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Why Scottish Archaeologists Are Building a Replica of an Iron Age Stone Tower

By building a new broch, the project aims to better understand how and why the original structures were constructed

A tourist visits Mousa Broch, the tallest known Iron Age broch and one of Europe's best-preserved prehistoric buildings (Photo by Arterra / Universal Images Group via Getty Images)
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In 2013, archaeologist Kenneth McElroy and builder Iain Maclean co-founded the Caithness Broch Project in hopes of reviving an Iron Age architectural style unique to Scotland.

In the years since, the charity, which derives its name from the circular stone towers at the heart of its mission, has prioritized the preservation of existing brochs across the region. But as Libby Brooks reports for the Guardian, the organization was just weeks away from launching its “flagship experiment”—using authentic Iron Age building techniques to construct a modern replica of the formidable structure—when Great Britain went on lockdown due to COVID-19. For now, at least, it appears the rebirth of Scotland’s brochs will have to wait.

Brochs are unique to northern and western Scotland, with the majority found in Caithness county, according to the Scotsman. A replica tower could help archaeologists understand how Iron Age masons created the structures without using mortar to hold the stones together.

“There are so many unanswerable questions in archaeology, and in the past,” McElroy tells the Guardian. “But this should go some way to revealing more about our [Iron Age] ancestors.”

Brochs, which are alternatively classified as defensive forts, dwellings and status symbols, are impressive not only for their height, but for their double-walled construction. The round buildings’ layered walls have a gap in between them, making the fortifications about ten feet thick. These gaps, called galleries, may have afforded the towers’ inhabitants protection from rain and snow, preventing the elements from permeating the brochs’ inner walls, writes McElroy for Historic Environment Scotland. Steps running between the walls potentially led to living spaces on upper wooden platforms, per Historic U.K.’s Ben Johnson.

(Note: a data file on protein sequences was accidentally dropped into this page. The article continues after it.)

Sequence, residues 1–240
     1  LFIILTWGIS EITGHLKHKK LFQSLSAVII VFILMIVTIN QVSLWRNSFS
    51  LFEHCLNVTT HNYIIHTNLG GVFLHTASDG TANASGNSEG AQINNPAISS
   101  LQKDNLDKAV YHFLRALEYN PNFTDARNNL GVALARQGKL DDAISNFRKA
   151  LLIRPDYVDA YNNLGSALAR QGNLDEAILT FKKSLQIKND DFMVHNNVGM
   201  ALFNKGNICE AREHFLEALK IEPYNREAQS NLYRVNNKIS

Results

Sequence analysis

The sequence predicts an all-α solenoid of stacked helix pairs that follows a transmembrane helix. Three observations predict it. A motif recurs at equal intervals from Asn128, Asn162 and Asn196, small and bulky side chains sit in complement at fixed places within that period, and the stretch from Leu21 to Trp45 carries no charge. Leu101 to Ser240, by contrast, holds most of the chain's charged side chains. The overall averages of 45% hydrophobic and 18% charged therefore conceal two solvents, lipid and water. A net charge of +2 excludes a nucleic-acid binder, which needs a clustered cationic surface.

Between 500 and 600 broch ruins dot the Scottish landscape today, with the highest concentrations in Caithness and on the Orkney and Shetland islands, according to Historic Environment Scotland. Perhaps the most pressing threat to these ancient structures’ survival is climate change: As Reuters’ George Sargent reported last October, rising sea levels, erosion and extreme weather are among the many forces placing Scotland’s brochs at risk.

Referencing the South Howe Broch on the island of Rousay, Julie Gibson, an archaeologist at the University of the Highlands and Islands, told Reuters, “On this stretch of the coastline, all the settlement archaeology is within 100 meters of the coast edge. And so ... the sea takes this heritage of ours away.”

Interior view of Mousa Broch
Interior view of Mousa Broch (Photo by David Tipling / Universal Images Group via Getty Images)

Brochs continue to yield significant Iron Age artifacts today. Pottery fragments discovered near some of the ancient towers show that their residents imported wine and olives from the Mediterranean. In 2018, archaeologists found a 2,000-year-old wooden bowl and a strand of hair at the Cairns Broch in Orkney. And last November, archaeologists unearthed a human jawbone and the remains of two newborn lambs inside of a hollow whale vertebra.

Before COVID-19 shuttered operations, the Caithness Broch Project was nearly finished with its preservation work at the Ousdale Broch. The stone structure had fallen into disrepair over the centuries, so the team removed an invading rowan tree and cleaned up its collapsed walls. The broch’s extant features include a staircase against its inner wall; a guard cell; and a restored display area, called an aumbry, inside the lower chamber.

“This aumbry may have held treasured possessions; perhaps the families who once lived here displayed things very dear to them, or objects which could impress visitors,” writes McElroy in a blog post.

The archaeologist clarifies that the Caithness Broch Project’s intention at Ousdale was not to rebuild the broch, but to conserve it as it was found. The last step in preservation is to lay down a gravel floor, making the structure safe for visitors to explore.

After work at Ousdale is finished, the team will move forward with the replica broch project. This won’t be the first time members build an ancient stone tower with modern materials: In 2017, the organization worked with creative collective Brick to the Past to create a historically accurate, albeit scaled-down, broch out of Legos.

The Caithness Broch Project is still searching for a suitable location to build its new, full-scale broch. In addition to driving tourism and contributing to archaeologists’ understanding of the Iron Age structures, the project will act as an opportunity to practice traditional drystone construction techniques.

“Experimental archaeology is a more practical and innovative way of dealing with the difficult questions posed by these enigmatic constructions,” McElroy tells the Guardian. “In turn, this helps us to better understand peoples of Scotland, and what drove them to build such impressive constructions.”

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